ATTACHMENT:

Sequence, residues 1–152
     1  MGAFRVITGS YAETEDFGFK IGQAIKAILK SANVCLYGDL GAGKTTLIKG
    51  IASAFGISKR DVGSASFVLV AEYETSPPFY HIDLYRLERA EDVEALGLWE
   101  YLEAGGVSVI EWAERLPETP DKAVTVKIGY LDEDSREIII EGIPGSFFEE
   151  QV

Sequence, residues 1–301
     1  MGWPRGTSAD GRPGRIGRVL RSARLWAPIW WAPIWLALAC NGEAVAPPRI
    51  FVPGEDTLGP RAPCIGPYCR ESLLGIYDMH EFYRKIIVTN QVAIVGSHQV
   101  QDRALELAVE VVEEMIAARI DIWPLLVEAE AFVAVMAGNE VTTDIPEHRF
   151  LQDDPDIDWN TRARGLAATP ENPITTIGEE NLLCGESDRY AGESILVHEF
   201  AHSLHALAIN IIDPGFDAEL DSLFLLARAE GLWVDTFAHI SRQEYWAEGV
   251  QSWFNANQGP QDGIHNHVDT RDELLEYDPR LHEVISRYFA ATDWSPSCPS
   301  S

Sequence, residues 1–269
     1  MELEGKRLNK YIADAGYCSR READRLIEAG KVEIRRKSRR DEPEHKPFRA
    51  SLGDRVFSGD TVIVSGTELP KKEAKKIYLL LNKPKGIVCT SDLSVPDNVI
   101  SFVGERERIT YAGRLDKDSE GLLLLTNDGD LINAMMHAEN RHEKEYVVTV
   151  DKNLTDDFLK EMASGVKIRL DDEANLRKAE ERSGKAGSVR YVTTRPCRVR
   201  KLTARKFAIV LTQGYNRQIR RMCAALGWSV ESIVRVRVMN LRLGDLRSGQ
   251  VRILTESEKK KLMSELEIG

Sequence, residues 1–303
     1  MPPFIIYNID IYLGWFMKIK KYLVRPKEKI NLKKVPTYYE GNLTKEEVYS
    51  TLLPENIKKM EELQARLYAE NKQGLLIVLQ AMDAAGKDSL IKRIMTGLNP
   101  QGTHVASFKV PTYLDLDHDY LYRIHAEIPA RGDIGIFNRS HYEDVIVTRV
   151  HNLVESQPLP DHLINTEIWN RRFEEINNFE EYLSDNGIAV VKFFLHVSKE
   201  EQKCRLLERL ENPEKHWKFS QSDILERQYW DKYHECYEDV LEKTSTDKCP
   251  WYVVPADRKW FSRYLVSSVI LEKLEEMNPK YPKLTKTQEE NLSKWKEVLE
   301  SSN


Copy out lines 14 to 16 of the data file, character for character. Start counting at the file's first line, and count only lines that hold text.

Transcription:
Sequence, residues 1–269
     1  MELEGKRLNK YIADAGYCSR READRLIEAG KVEIRRKSRR DEPEHKPFRA
    51  SLGDRVFSGD TVIVSGTELP KKEAKKIYLL LNKPKGIVCT SDLSVPDNVI